As you can imagine, our children were prepared for this as it was some time coming. Throughout the whole process our philosophy was to set out the truth and the probabilities of recovery as we knew them throughout. Last year, it was apparent that that probability had fallen to zero. The children knew it and they knew it during the several visits to their grandmother after that. They were able and free to talk openly about it all with all and sundry and this, we think, ultimately helped them understand and work through it all.
Two bits of background. Helena was relatively young (61) but also lived in another city, Sydney. So she wasn't a part of day-to-day lives but there were regular visits. It took her a few years to work out how to be a grandmother but when she did a solid relationship, particularly with our eldest, was built up. She taught her to play chess and to knit. When she visited, she shrewdly brought enough cheap toys so there were presents each day. The relationship was cherished and we knew that her passing would be mourned.
To a great extent the mourning began a year ago when the visits stopped and the illness took over. She was no longer the same person. But my daughter still worked towards the days of old. She took over the role of knitting her niece and nephew scarves and she built a chess set for her grandmother. I was proud of the way she tried to make the best of all of this.
Inevitably, philosophical issues took hold. I recognise that for many our approach would not be their way but we were strictly of the "when you are dead you are dead" variety. And, again, by way of information, the children did not appear distressed at that notion. A pet had died before and somehow the thought of finality was consistent with their view of the world. As of today, they do not expect to see their grandmother again.
Similarly, we did not shield the two eldest from the funeral and ceremonies. My 8 year old son joined me as a pall-bearer and both of them took their place in shovelling dirt into the grave. To them, there was intense curiosity at the whole process, in particular, at the open grief from adults especially, Helena's husband and also both of her parents who outlived her.
Perhaps the major issue with something like this is that there is a need for parenting resources and attention at precisely a time when those are in scarce supply. The children's mother was understandably occupied, and away during the final weeks, and I could have used her in discussions with the children. But we had had time and so the issues that needed to be sorted out were given time (especially with the help of the whole Michael Jackson thing that provided a warm up. That said, during the precise moment I was need most immediately I was out of the country, a calculated risk at the time, and had to rush -- only took 20 hours! -- back after just one day abroad.
Helena died of breast cancer; a disease both her mother and grandmother had. You won't be surprised when I tell you that the first time I heard about it my immediate thoughts were for the my three women and girls in the direct genetic line of fire of this. But there are actually four sisters and so currently seven in total who face the high probability of this occurring during their lives. And what is more, it is of a currently unknown gene. Diligence in early detection is our treatment now but hopefully for my children, the progress of science might yield something more comforting.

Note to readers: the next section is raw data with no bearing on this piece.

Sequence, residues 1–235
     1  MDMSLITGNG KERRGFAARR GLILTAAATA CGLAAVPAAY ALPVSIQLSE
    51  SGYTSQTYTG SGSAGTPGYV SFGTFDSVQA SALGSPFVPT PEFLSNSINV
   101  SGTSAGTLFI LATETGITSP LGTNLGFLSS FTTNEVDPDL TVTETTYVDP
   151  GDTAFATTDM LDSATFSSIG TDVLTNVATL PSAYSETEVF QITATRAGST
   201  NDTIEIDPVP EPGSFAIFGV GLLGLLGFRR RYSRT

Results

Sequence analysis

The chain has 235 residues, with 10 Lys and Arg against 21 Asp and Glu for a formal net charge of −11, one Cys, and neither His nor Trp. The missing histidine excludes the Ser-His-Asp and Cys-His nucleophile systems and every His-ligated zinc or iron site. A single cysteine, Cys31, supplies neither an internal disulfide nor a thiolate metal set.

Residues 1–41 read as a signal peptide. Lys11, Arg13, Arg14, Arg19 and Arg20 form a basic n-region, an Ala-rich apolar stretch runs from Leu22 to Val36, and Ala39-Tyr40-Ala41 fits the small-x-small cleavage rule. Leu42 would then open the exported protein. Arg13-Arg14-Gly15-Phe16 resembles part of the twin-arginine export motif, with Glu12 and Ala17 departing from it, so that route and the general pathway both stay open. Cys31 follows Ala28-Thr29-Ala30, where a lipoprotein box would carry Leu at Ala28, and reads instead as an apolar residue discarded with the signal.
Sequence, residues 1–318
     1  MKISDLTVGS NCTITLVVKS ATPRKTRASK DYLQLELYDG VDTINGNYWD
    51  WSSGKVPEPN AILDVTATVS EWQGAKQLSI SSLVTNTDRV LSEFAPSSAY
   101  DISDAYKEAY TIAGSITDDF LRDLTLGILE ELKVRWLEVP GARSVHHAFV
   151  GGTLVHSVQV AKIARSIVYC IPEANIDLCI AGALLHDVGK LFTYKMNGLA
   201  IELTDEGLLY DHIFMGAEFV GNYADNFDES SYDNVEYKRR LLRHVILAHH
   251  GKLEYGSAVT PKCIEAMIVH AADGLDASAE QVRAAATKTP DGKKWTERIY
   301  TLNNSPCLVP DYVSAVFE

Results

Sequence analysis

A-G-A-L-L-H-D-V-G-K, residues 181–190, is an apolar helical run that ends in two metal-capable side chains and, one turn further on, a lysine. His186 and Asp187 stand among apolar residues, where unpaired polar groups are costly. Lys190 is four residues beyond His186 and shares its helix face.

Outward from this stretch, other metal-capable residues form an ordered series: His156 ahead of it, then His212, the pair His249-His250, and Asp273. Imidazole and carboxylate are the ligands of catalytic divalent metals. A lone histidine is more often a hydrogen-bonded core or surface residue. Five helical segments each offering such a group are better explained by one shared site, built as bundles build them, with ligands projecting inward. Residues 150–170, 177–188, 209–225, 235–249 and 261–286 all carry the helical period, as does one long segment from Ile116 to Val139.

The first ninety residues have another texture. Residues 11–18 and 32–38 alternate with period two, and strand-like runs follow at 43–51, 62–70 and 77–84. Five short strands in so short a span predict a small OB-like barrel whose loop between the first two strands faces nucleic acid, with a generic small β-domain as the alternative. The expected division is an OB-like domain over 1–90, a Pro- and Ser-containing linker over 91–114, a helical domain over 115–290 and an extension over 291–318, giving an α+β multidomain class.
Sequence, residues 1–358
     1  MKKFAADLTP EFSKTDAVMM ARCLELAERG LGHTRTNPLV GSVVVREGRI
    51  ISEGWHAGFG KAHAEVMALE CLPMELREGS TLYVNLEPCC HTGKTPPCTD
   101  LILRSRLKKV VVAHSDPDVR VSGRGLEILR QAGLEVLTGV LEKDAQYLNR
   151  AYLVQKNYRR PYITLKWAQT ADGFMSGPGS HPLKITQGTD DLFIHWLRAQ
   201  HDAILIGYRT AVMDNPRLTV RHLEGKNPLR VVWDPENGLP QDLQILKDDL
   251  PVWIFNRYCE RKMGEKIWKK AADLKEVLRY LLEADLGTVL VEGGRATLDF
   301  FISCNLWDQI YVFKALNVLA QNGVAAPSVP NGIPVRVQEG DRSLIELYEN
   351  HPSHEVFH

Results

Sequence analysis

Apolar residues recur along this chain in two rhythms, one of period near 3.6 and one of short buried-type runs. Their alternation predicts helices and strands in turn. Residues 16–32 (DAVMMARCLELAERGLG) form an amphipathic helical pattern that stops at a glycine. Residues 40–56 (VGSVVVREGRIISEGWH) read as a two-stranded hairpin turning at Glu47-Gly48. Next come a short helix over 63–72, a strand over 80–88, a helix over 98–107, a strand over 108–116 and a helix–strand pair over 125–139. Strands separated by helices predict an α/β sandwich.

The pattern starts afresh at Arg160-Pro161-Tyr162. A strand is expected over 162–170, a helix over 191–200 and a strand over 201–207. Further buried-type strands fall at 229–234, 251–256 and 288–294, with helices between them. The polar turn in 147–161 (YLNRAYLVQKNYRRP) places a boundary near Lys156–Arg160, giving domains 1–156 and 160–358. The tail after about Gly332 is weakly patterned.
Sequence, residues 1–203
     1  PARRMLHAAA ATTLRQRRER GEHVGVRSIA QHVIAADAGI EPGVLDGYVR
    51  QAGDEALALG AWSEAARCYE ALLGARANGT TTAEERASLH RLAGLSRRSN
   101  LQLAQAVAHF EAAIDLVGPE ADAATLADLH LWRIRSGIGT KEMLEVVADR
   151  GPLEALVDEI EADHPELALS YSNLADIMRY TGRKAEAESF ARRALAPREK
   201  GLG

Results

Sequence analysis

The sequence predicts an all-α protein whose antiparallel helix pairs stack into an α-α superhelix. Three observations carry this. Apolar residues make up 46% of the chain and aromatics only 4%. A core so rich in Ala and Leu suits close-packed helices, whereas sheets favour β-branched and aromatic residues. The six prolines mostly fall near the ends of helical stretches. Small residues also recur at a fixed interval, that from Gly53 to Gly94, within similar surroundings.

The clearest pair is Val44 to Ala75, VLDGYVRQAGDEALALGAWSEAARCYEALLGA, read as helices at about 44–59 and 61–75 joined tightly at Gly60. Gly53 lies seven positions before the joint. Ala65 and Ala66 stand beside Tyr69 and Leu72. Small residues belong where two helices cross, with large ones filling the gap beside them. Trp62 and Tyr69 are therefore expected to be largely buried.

To complete the story, my wife gave an outstanding eulogy for her mother. It was perhaps the best speech I had ever heard at a funeral and prior to the fact I didn't know she had it in her. I was both amazed and proud to hear it and it moved so many of the 150 people there. Perfection.
She wrote the speech out and I'm going to post it now (with permission) to complete the log of these events. Two of the children were long asleep when it was given but I hope one day they will read it and see it for what it is. It says so much about the strength of their own mother.
In celebration of our mother’s life, I’d like to talk about what Mum left behind. There is a huge Mum-shaped hole in our lives. And I think a huge Helena-shaped hole in all our lives.
I’m going to talk about three things: our memories of Mum, the values she left us with and finally the people she left behind.
We remember our mother as a wonderful and unique person. She was caring and patient when we were young and provided us with a good model for us with our children. She always wanted to hear the truth and always valued and respected our opinions. She didn’t always listen to our opinion, but she wanted to know what it was.
She wanted what was best for her children and when we were growing up there was never a dull moment. We never quite knew what was going to happen next.
I shall remember Mum every day as I read to my children, as I hear her voice in my own and see her hand when I look at mine. Those hands taught us how to tie our shoelaces and how to win at chess in three moves.
She did not suffer fools, a trait which she shared with us. Which brings me to the values she gave to us.
The strongest value she gave to us was the importance of family. She was the most doting and beloved grandmother imaginable.
She taught us the value of independence and this is an aspect that we all hold very dear.
She had a high regard for intellect, which we are passing on to our children.
Although I’m sure she did not intend it, she taught us the very importance of integrity.
Finally the people she left behind:
It’s very difficult to know how to thank the person who gave you life. Because as my 8 year-old son tells me: “there is nothing I like more than my life”. Well, actually there IS something I love more than my life and that is his life and that of his sisters. My mother gave to me the things I love and cherish most. She gave me my sisters and she by extension gave me my children. And for that I’m eternally grateful.